Do Mississauga Residents Want a Council They Can Relate To?

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Published April 24, 2019 at 9:11 pm

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With all this talk about Mississauga separating from Peel Region to become an ‘independent city’ in control of its own finances and destiny, it’s time to peel (no pun intended) back the rhetoric and examine if the priorities of the people in charge of Mississauga actually align with those of the people who live in Canada’s sixth largest city by population.

By population alone, Mississauga is the sixth largest city in Canada. It’s home to approximately 750,000 people as of this writing. But in areas such as affordable housing and public transit, Mississauga–much like other major municipalities–has a long way to go when it comes to providing these services. 

Let’s look at affordable housing. With young people facing an increasingly expensive market, home ownership is more out of reach than ever.

Mississauga recently came up with an affordable housing plan called “Making Room for the Middle”, but this plan was designed to cater towards families within the median household income of $50,000 to $100,000. The plan has been touted as “a strategy putting Mississauga on the path to getting housing affordability right” and it does work to make life better for middle-income households.

The city has also worked to grow its limited amount of rental apartments and protect its existing rental stock by passing a bylaw that mandates that any rental suites that are demolished by developers be replaced. This is indeed a step in the right direction, especially as the LRT poses a gentrification threat along the blue-collar Cooksville corridor. 

But could the city be more aggressive?

As far as home ownership goes, what about those people who don’t fit that $50,000 to $100,000 income bracket, like those living at home or renting with little to no path to home ownership? If you take a look at the various development proposals coming down the pipeline, the allocation of affordable housing in those developments is either the bare minimum–and not really mandated.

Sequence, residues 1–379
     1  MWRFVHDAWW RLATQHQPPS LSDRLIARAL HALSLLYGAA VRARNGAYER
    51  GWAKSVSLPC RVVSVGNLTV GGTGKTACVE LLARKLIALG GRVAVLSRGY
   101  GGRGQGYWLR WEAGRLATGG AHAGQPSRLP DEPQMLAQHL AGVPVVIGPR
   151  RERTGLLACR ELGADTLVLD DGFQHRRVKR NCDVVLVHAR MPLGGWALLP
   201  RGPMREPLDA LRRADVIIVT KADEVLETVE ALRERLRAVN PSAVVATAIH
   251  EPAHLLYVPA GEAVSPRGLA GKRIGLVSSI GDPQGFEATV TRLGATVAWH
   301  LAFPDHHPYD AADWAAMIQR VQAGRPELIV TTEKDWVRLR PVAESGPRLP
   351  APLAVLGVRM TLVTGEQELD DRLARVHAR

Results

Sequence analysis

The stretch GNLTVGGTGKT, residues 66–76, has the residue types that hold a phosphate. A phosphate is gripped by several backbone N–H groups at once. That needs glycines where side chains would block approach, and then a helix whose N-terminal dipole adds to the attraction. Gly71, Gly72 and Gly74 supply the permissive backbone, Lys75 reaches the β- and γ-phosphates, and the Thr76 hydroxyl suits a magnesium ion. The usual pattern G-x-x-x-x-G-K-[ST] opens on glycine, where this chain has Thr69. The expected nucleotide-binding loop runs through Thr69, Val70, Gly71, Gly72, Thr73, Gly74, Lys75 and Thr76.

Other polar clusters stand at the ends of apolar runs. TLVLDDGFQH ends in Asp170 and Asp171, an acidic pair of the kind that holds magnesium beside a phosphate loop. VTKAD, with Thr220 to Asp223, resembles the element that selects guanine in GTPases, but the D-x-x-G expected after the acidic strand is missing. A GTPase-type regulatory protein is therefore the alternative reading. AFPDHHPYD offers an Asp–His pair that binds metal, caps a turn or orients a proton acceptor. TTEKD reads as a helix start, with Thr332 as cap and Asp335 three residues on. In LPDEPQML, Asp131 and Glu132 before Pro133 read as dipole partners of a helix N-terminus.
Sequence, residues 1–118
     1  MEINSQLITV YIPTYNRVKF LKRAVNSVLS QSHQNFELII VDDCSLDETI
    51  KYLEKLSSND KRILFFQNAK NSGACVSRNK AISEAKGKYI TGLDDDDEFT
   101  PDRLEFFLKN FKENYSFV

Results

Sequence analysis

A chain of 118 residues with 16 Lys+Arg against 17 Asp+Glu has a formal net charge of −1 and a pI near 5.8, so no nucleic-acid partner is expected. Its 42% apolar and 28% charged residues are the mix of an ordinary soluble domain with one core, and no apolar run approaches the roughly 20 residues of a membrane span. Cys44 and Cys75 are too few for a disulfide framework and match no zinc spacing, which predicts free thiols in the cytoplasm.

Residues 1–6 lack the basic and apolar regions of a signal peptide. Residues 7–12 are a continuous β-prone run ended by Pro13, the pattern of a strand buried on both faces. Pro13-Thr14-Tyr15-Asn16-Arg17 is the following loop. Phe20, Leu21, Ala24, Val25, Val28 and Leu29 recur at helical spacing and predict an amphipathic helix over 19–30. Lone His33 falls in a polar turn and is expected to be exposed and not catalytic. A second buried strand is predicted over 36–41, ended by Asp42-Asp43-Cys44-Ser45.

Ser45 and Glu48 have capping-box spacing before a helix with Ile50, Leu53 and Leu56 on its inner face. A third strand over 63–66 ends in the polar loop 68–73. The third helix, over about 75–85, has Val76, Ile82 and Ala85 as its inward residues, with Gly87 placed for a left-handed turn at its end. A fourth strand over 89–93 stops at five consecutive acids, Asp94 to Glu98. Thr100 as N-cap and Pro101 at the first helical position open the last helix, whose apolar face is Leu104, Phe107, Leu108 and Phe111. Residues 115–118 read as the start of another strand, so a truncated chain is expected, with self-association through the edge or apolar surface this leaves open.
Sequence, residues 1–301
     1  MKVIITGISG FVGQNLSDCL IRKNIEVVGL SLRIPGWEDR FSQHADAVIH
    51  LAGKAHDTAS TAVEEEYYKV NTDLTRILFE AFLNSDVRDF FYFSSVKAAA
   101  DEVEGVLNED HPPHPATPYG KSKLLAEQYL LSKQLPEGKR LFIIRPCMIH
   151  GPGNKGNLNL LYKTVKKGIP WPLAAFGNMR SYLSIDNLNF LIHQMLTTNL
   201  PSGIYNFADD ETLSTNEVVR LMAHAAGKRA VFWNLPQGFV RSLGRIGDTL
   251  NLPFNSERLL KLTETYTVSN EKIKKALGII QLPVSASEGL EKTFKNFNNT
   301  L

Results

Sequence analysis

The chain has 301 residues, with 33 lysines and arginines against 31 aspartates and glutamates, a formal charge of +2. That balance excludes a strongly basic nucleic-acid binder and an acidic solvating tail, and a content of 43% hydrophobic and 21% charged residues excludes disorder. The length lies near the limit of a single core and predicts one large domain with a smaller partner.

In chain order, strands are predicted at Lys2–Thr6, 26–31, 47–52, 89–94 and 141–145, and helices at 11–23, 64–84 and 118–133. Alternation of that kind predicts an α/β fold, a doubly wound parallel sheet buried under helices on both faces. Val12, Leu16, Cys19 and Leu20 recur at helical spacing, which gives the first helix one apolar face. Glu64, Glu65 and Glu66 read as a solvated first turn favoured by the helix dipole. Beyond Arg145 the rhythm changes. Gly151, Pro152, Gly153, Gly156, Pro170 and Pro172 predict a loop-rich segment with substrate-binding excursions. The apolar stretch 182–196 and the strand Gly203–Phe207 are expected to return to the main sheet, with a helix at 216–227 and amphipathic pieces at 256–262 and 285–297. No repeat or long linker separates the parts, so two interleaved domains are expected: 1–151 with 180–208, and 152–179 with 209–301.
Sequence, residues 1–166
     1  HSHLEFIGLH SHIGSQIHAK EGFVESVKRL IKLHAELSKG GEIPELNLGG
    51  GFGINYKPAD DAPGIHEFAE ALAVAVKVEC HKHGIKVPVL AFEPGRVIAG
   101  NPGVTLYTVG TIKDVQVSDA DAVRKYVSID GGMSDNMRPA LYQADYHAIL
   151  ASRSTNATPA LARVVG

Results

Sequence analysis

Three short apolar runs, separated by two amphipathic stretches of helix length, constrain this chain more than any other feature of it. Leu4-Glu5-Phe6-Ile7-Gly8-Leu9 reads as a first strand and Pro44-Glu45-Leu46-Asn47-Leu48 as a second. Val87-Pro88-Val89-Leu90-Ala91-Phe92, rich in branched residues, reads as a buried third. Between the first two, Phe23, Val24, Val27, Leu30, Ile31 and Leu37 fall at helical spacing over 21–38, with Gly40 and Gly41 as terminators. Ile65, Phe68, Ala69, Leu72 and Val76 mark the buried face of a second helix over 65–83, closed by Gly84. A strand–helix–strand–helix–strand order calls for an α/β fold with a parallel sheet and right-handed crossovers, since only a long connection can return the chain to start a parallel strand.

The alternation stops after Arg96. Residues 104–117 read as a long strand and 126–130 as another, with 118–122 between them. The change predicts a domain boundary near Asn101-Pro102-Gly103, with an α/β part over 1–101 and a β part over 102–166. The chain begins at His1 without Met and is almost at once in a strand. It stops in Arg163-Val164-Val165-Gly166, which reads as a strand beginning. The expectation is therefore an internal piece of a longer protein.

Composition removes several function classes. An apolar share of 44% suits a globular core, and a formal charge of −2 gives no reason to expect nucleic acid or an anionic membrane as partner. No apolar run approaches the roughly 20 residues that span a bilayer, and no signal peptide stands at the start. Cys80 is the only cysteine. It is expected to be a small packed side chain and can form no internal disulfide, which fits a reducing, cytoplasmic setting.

A notable exception is the recent Daniels City Centre development, but very few of the various high rise condo development proposals around Mississauga have a vested amount of affordable housing. Even if there were, lower income and young workers have not seen their wages rise to match the growing costs of housing (which is a country-wide issue, but certainly something felt by Mississauga residents).


Another example is the much talked about Mississauga Transitway, which was discussed for years prior to opening in 2014 and finally being completed around 2017. The route runs between two other major, very busy east-west arteries: Eglinton and Burnhamthorpe. If you’re going to build a bus dedicated route, would it not make sense to put in where the people are?

Photo courtesy of City of Mississauga

Putting the bus rapid transit route on one of those roads would have spurred growth along those areas in the coming decades and would have been a wiser decision that would benefit the vast majority of people already living along those corridors (or future residents of those areas).

Instead, the city put a dedicated bus lane in an isolated space between two roads, so getting to a station is a bit of a chore, especially if you don’t drive there. When I drive by the Transitway stations, the parking lots are usually empty; an indication that commuters are not leaving their cars that often to use this service.

A better use for these mostly vacant pieces of asphalt or concrete would be to consider putting up mixed-use development on those spots. That way, you’d at least attempt to inject some high density along the corridor.


But why aren’t these things happening or even put into consideration, since they seem like no brainers? Look at the current Mississauga City Council, and I’m not talking about the colour of their skin. At a time when housing costs have outpaced wages, residents of all cities might look at their council and ask themselves important questions.

What might some of those questions be?

Have any of them ever had to live in affordable housing or had a housing crisis in their lives? Do any of them actually have to take the bus to work, or have to bike to get somewhere?

The lived experiences of our local representatives might not always reflect the reality of those actually living in Mississauga. I am not doubting how hardworking and successful all these individuals are, or how hard they worked to become representatives of our city. But when you look at some of the other decisions made in Mississauga, one must wonder if council always understands what voters actually need.

The municipal election has come and gone and it will be another three years before the opportunity for change will arise once again. Already, one councillor has announced her pending retirement in 2022, but the odds of electing new, more progressive and fresh faces to Mississauga city council are unknown.

This is a growing and diverse city that needs a diverse council who knows exactly what residents want and need because they, themselves, want and need those things too. 

In the end, it really comes down to political leadership. Change that, and the rest will follow.

Cover photo by @idris.yyz

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